Measurement of proteins content in shoots and roots of UV-C treated wheat plants showed that the proteins content decreased under UV treatment. However, this reduction was not significant. These results showed that mycorrhizal inoculated plants had higher levels of proteins in comparison to non fungal samples. Therefore, mycorrhizal fungi can increase proteins content in wheat plants (Fig. 3 and 4).

UV-C radiation and AM fungal inoculation both had significant effects on chlorophylls content. AM fungi generally increased the chlorophylls a, b and carotenoids content and this reduction was higher for chlorophylls b content. However, UV-C radiation treated plants had higher chlorophylls a and b and carotenoids content (Fig. 5, 6 and 7).

Fig. 1: Effect of UV-C on total sugars of shoots in mycorrhizal and non-mycorrhizal wheat plants

Fig. 2: Effect of UV-C on total sugar of roots in mycorrhizal and non-mycorrhizal wheat plants

Fig. 3: Effect of UV-C on total protein of shoots in mycorrhizal and non-mycorrhizal wheat plants

Fig. 4: Effect of UV-C on total protein of roots in mycorrhizal and non-mycorrhizal wheat plants

Fig. 5: Effect of UV-C on chlorophyll a content in mycorrhizal and non-mycorrhizal wheat plants

Fig. 6: Effect of UV-C on chlorophyll b content in mycorrhizal and non-mycorrhizal wheat plants

Fig. 7: Effect of UV-C on carotenoid content in mycorrhizal and non-mycorrhizal wheat plants


Mycorrhizal fungi are known to modify several aspects of plant physiology, such as mineral nutrient composition, hormonal balance and C allocation patterns (Demir, 2004). In this study, the effects of UV-C radiation on some of the growth parameters of mycorrhizal wheat plants have been investigated. Figure 1 and 2 showed the effect of UV-C radiation on total sugar content of shoots and roots in wheat plants. These results showed that mycorrhizal plants had a higher level of sugar in comparison to non-mycorrhizal samples. Selvaraj (1998) reported that soluble sugars in both leaves and roots had been increased in Glomus fasciculatum inoculated Prosopis juliflora. Mycorrhizal inoculation involves in the increase of reducing sugars in the inoculated plants. In plants, UV-induced structural damage to chloroplasts and to the D1 and D2 proteins of the photosystem II core have been linked to decreases in photosynthetic capacity and growth rate (Teramura, 1996). The organic carbon derived from photosynthesis is transferred to mycorrhizal fungi and this substance maintains the development of spores and fruit bodies in most mycorrhizal types by translocation of the substance to the growing margins of the extraradical mycelium (Smith and Read, 1997). As is known, phosphorous has an important role as an energy carrier during photosynthesis (Jacobsen, 1975). AM fungi increase the uptake of P and they may also increase the synthesis of carbon compounds (Graham, 2000). In one study Du (2003) showed that the PS II electron transport activity in the isolated chloroplasts of Taxus cuspidate needles treated with UV-C, had been decreased. These results indicated that membrane lipid peroxidation of chloroplasts caused by UV-C radiation was the reason of the decrease of PSII electron transport activity and it was caused to decrease in carbohydrate content.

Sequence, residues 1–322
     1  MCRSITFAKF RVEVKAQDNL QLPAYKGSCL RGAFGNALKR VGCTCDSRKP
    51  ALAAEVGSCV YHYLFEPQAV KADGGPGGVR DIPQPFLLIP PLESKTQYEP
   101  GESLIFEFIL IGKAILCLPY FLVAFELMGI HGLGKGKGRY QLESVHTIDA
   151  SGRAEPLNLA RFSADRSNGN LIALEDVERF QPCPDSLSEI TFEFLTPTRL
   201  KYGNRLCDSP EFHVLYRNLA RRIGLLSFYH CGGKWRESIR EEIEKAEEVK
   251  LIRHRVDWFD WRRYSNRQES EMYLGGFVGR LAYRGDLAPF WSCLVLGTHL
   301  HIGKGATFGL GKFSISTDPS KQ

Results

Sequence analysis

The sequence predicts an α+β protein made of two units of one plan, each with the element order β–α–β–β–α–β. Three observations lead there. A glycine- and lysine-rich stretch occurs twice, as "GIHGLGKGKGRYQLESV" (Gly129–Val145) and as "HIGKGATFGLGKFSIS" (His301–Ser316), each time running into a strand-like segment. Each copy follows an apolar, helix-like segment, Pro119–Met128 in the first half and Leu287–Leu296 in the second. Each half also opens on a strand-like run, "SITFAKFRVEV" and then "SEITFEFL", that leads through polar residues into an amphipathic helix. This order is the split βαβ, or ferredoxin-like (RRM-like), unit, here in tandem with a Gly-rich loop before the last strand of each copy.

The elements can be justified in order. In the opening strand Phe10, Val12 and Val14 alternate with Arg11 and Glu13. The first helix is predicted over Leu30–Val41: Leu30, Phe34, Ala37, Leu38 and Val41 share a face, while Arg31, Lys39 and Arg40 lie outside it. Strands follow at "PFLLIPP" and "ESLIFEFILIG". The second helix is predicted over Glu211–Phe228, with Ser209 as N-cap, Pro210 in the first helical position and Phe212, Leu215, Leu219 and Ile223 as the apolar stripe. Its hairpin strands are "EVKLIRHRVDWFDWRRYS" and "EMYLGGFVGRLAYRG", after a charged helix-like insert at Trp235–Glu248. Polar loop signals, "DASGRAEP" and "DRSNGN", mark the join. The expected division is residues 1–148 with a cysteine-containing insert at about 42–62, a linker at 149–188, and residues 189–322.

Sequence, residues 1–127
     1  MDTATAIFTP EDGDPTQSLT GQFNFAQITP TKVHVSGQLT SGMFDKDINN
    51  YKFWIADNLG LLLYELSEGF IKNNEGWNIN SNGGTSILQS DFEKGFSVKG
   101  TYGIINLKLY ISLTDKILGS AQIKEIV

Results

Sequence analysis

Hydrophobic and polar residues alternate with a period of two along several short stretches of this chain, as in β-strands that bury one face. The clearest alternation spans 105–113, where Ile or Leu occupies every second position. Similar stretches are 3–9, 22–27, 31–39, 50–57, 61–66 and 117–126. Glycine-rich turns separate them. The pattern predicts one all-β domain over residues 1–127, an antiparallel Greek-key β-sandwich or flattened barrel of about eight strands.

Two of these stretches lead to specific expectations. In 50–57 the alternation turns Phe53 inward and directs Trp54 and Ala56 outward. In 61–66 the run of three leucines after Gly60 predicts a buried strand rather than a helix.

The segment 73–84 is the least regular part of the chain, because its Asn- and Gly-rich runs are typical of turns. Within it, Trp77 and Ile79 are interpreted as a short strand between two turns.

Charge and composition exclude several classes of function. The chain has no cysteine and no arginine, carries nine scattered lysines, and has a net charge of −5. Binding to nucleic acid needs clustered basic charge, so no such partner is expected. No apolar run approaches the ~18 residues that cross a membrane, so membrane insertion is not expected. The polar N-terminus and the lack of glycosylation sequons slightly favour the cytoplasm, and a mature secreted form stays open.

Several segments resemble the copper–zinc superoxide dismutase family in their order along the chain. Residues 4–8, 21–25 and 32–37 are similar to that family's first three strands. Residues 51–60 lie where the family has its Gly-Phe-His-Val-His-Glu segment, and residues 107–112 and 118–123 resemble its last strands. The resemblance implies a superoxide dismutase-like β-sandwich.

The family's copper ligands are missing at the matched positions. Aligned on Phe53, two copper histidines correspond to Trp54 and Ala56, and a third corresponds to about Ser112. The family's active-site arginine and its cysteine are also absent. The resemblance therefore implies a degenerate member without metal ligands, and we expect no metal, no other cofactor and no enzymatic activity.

Figure 3 and 4 showed the effect of UV-C on total protein content in mycorrhizal and non-mycorrhizal wheats. These results suggested that mycorrhizal samples had a higher level of proteins in comparison to non-mycorrhizal plants, but this increase was not significant. Absorption of UV radiation by aromatic amino acids and nucleotides can lead to disabling photochemical changes in the corresponding proteins and nucleic acids (Teramura, 1996). Nemec and Meredith (1981) found that Glomus etunicatum inoculated Citrus limon leaves had higher total amino acids than control. Selvaraj (1998) also reported increased levels of total amino acids in Prosopis juliflora inoculated with Glomus fasciculatum. Protein content, increased in arbuscular mycorrhizal inoculated plants, too.

One of the most important indicators of physiological activity is the rate of photosynthesis, which is related to the chlorophyll content of plants (Demir, 2004). Present study indicated that UV-C radiation has been reduced chlorophylls a and b and carotenoids in wheat plants, but this reduction was lower in non-mycorrhizal plants. Investigations showed that the carotenoids and chlorophyll decreased with the increasing time of the UV-C treatment (Du and Jin, 2000). In another study, it has been shown that the carotenoids content decrease after exposure to UV-C light in the snow alga Chlamydomonas nivalis (Duval et al., 2006). In the other hand, it has been shown that the chlorophyll content of mycorrhizal pepper plants was higher than that of non-mycorrhizal control plants in one investigation (Demir, 2004). Also, AM fungi have been shown to increase chlorophyll concentration in the grass Bouteloua gracilis (Allen and Allen, 1981).

Therefore, photosynthesis activity and chlorophyll content increase under UV-C radiation as a result of mycorrhizal association so they have a close relationship with the increase in the function of mycorrhizal fungi.